Criminals understand our weaknesses and how to exploit them. That means ransomware isn't going away.
Ransomware is rapidly shaping up to be the defining online security issue of our era. It's a brutally simple idea, executed with increasing sophistication by criminal groups. A huge chunk of our lives is now stored digitally, whether that's photos, videos, business plans or customer databases. But too many of us, both businesses and consumers, have been lazy about securing these vital assets, creating an opportunity which criminals have exploited.
Their brilliant twist was to realise they don't have to steal that data to make money: they just have to make it impossible for us to access it again -- by encrypting it -- unless we pay up.
Ransomware was once a menace mainly for consumers, but now it's a significant threat to business. Just last week, there were warnings about a new wave of ransomware attacks against at least 31 large organisations with the aim of demanding millions of dollars in ransom. The attackers had breached the networks of targeted organizations and were in the process of laying the groundwork for their attacks.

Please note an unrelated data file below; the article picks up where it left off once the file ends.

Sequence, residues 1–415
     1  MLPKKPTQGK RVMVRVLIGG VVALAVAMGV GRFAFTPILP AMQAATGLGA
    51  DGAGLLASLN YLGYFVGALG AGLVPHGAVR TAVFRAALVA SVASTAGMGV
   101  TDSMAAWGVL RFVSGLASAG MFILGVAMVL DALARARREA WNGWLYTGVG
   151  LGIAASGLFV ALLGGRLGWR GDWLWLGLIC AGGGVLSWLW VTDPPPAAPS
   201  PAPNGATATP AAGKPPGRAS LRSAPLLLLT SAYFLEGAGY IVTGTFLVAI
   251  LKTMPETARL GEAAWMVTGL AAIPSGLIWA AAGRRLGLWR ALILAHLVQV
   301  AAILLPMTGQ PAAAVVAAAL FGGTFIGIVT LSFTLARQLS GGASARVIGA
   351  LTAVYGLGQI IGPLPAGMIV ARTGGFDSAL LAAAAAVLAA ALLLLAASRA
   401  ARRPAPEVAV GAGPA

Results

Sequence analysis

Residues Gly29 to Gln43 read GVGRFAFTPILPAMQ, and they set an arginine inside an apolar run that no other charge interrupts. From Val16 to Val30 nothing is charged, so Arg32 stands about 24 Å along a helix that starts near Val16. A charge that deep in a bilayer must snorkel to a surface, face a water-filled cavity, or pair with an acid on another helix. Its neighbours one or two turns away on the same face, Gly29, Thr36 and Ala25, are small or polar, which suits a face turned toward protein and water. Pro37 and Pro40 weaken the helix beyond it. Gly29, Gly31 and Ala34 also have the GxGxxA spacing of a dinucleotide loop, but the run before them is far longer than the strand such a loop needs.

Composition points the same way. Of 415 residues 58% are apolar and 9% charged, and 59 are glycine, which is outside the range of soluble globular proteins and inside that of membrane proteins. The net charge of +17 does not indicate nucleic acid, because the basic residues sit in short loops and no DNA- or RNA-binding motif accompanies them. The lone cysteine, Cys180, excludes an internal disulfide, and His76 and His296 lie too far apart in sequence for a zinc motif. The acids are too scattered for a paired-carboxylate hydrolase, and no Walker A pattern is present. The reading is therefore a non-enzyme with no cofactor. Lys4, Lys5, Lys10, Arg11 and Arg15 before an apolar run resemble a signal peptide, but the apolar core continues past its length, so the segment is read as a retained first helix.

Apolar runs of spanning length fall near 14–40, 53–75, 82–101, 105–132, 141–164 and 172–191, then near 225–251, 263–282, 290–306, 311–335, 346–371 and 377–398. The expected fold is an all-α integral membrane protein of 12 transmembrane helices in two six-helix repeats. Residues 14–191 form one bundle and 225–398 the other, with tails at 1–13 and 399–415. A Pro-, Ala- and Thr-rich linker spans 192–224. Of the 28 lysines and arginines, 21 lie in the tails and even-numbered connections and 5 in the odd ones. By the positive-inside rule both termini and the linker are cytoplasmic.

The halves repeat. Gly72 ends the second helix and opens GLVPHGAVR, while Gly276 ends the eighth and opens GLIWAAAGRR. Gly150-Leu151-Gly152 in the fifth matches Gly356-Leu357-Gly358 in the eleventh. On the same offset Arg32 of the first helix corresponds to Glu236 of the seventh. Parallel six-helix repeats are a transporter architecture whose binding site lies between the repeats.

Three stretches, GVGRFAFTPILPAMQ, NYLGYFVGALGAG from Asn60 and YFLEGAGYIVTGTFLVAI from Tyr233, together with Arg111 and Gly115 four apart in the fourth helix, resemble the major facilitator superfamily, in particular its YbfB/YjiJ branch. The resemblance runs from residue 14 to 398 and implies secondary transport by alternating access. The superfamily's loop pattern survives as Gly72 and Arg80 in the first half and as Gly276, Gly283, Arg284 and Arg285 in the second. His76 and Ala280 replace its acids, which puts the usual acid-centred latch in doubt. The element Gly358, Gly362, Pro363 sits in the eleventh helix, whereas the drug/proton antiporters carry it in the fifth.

The vast majority of targets were household names, including eight Fortune 500 companies, tech security company Symantec said: if the attack (by a group calling itself Evil Corp) hadn't been disrupted, it could have led to millions in damages and downtime, with the impact felt through the supply chain. Some of the hyperbole around ransomware is overblown. It's probably over the top to describe these